The participants at the ongoing Ghana conference on international aid are hoping to improve the effectiveness of aid to help poorer countries. A discussion is taking place over how to give developing countries more control over how aid money is spent. Brent Latham reports from our West Africa bureau in Dakar.
Ministers and senior officials from more than 100 countries and numerous aid organizations are debating the best uses for the more than $100 billion of aid that rich countries give to the poorest nations each year. Critics say the aid is poorly coordinated, and often is subject to bureaucratic delays, political interests, and lack of coordination.
The talks are aimed at forming a plan to increase the coordination between aid donor and recipient countries, says Christopher Nuoyel of the Japanese International Cooperation Agency, or JICA.
"We have about 100 countries, both developing, aid recipients, and givers, coming together to make an action plan which we will apply to make aid effective," Nuoyel said.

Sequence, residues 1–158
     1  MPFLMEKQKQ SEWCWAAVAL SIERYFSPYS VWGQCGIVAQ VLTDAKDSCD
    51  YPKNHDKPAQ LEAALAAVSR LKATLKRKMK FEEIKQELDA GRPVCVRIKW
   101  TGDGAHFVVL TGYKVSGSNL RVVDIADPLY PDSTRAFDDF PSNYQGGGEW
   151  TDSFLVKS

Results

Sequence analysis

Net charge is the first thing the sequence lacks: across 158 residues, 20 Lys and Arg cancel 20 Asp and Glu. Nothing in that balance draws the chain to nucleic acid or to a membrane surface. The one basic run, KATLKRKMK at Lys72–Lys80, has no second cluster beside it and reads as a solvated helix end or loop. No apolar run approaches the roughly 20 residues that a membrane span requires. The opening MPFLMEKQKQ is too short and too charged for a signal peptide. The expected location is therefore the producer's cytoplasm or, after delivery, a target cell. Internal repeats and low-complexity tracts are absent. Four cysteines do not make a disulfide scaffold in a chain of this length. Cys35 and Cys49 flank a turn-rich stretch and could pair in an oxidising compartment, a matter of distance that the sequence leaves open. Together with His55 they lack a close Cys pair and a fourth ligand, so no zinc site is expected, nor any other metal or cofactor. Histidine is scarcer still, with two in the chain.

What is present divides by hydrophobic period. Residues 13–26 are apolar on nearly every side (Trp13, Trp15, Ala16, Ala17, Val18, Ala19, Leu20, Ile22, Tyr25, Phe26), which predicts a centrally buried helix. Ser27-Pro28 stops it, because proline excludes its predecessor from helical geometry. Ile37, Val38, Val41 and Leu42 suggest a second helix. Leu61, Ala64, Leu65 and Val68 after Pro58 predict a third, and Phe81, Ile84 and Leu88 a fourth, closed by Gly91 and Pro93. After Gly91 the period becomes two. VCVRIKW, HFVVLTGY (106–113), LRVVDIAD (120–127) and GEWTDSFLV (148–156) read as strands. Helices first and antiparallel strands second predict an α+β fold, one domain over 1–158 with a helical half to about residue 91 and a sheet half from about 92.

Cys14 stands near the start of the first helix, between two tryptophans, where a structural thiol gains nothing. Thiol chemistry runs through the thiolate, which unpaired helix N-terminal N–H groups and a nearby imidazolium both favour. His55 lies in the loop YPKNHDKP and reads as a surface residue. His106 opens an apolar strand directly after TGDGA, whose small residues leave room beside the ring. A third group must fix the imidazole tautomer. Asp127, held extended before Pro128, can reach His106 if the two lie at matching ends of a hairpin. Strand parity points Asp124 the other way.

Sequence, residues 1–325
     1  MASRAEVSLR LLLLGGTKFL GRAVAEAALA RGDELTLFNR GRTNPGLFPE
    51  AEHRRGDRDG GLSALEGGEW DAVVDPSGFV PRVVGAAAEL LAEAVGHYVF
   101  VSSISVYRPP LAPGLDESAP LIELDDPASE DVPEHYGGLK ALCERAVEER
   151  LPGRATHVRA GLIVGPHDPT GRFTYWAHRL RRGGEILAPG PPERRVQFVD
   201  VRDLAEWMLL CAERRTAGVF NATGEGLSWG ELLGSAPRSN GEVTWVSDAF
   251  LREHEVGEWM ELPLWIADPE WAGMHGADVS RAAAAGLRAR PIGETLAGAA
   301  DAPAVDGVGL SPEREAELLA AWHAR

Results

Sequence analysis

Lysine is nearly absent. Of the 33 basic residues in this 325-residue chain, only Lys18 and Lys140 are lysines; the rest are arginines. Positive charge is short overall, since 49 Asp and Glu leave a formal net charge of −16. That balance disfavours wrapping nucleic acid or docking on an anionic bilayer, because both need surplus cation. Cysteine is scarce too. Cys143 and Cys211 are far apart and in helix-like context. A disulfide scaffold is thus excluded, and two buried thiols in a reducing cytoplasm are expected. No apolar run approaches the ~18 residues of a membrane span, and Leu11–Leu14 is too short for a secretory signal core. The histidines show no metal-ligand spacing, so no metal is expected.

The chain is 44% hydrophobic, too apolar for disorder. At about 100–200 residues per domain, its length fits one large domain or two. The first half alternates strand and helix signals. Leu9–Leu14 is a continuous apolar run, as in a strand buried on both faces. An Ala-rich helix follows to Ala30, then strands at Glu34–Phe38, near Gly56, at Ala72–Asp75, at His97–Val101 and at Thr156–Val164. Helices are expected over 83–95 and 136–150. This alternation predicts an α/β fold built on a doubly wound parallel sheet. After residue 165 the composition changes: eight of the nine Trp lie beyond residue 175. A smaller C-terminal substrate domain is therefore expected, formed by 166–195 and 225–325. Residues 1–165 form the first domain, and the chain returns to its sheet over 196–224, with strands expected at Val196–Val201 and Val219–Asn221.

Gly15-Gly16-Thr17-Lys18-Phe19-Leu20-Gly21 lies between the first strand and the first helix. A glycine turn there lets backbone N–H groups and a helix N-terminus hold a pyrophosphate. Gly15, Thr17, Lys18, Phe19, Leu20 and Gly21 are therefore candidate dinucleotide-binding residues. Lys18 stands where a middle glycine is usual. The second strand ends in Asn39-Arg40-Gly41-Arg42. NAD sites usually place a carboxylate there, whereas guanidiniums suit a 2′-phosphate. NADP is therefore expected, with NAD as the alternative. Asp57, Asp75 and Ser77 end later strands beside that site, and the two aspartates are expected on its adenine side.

Nuoyel says organizations that coordinate aid are waiting to see what sort of plan is shaped, and are anxious to coordinate to improve the effectiveness of the aid they deliver.
"The conference will end tomorrow [Thursday]. Then the action plan will be implemented," Nuoyel said.
Organizations like JICA or USAID, the United States aid organization, are responsible for managing the programs that distribute a large amount of aid in developing countries.
The British-based group OXFAM has accused the donor governments that run those organizations of using aid to attempt to shape economic and political policy.
Ministers and officials from many developing countries have said they are frustrated with the way aid is sometimes delivered, saying that the current procedures take up too much time and deliver too little benefit.
The executive director of UNICEF, Ann Veneman said some ministers have told her they spend as much as 60 percent of their time meeting with donor groups to comply with bureaucratic procedures rather than delivering results.
The developing countries have also expressed interest in gaining more control over aid funds, which they would prefer flow directly through their government agencies rather than third parties. Three years ago in Paris, a previous edition of the conference agreed that aid recipients should have more control over the kind of aid they receive, but no concrete measures were taken.
But some observers say such a setup opens the door to corruption. International governance watchdog Transparency International has said the idea threatens to further curtail the amount of aid that reaches the world's poorest people.